Investors in dispute with oil explorer Petrel Resources over the sale of some of its shares have written to the company saying that they never approved the sale of the stock.
Petrel recently got the High Court to bar three individuals, United Arab Emirates-based Roger Edward Tamraz, and Michel Fayad and Said Mehraik, who live in France, from unlawfully selling shares in the Irish company.
The trio held 100 million Petrel shares directly and through a company, and had agreed not to sell them before next August under the terms of an investment deal concluded in November. Petrel maintains that it found in January that they had sold shares in breach of this agreement.
The shareholders, known as the Tamraz group, have written to Petrel to say that they never approved the sale of the shares.
Their letter states that they had pledged 37.33 million shares as security for a £3.15 million (€4.1 million) loan from a US-registered company called EYCP.
The document, dated February 6th, which Petrel published on Monday, states that the Tamraz group understood that the pledged shares would be held in custody as security for the loan and would not be at risk until the cash was advanced under the loan agreement’s terms. Thus the group transferred the shares to a nominated account.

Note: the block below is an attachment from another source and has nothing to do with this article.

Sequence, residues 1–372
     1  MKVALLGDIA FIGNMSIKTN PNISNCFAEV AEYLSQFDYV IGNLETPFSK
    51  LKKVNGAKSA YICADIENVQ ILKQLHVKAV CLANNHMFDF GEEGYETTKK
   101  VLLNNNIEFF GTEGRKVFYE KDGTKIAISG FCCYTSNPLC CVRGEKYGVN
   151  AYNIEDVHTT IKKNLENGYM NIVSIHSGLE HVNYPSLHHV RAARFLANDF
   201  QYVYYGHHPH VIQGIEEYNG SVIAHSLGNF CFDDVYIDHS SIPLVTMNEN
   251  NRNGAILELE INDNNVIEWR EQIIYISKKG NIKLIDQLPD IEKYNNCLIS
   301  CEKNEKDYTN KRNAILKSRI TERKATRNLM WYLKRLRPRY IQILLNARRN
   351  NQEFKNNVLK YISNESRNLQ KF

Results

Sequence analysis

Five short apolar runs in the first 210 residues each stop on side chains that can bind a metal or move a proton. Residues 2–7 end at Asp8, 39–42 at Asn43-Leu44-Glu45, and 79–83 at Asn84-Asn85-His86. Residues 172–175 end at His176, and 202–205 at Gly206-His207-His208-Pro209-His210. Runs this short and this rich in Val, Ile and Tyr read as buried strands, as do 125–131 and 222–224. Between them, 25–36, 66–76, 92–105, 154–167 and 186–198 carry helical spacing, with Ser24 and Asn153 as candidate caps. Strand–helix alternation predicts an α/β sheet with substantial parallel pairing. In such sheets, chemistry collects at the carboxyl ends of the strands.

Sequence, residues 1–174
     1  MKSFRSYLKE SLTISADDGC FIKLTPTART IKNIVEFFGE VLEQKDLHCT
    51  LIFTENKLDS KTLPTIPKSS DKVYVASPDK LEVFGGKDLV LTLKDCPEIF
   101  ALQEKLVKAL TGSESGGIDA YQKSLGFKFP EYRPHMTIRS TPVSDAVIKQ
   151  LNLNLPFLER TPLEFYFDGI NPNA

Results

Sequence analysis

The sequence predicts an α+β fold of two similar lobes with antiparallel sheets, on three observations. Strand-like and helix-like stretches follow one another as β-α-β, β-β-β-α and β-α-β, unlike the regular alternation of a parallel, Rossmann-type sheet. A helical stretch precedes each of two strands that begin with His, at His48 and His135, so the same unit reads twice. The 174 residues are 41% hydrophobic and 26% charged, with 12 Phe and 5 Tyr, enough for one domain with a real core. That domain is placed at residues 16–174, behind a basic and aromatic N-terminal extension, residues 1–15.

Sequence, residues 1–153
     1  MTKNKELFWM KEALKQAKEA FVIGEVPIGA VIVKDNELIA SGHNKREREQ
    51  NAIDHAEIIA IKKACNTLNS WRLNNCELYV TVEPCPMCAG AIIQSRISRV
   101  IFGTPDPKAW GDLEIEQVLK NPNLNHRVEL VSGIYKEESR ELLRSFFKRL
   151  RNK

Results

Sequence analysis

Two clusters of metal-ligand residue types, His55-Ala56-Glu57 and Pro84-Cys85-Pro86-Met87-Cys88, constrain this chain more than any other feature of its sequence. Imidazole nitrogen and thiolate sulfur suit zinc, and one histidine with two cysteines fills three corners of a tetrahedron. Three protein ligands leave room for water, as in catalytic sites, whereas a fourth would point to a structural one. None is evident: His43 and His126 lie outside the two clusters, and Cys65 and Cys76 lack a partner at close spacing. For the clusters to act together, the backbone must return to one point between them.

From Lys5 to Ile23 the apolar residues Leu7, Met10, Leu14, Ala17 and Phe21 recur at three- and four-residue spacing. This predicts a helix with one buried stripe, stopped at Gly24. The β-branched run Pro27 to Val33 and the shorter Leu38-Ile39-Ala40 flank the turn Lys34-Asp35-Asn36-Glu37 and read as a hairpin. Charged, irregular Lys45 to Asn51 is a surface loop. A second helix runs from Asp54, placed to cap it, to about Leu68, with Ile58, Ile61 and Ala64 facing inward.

The letter claims that “in breach of of its obligations” under the loan agreement, the lender failed to advance the cash as promised.
On January 3rd, EYCP served notice on the Tamraz group claiming that they had breached the loan agreement and asserting that it owned the shares as a result.
“The shareholders understand that the lender has since this date disposed of some of the pledged shares,” their letter says.
“At no point in time did the shareholders instruct the lender to dispose of the pledged shares on the shareholders’ behalf.”
Their letter also explains that while the shares were delivered to a custodian, Deutsche Bank Switzerland, EYCP never confirmed that they were “tradable” under the terms of the loan agreement.
“Therefore, in the shareholders’ view, the pledged shares never became collateral as they were not delivered and the lender had no right to sell any of the pledged shares they sold,” the letter states.
Mr Tamraz, Mr Fayad and Mr Mehraik maintain that as they understood the shares would not be at risk until EYCP loaned them the money, they originally did not believe they had to formally notify Petrel of the transaction.
The three investors maintain that they are still the beneficial owners of the shares that they pledged as security for the loan and that they are now in dispute with the lender.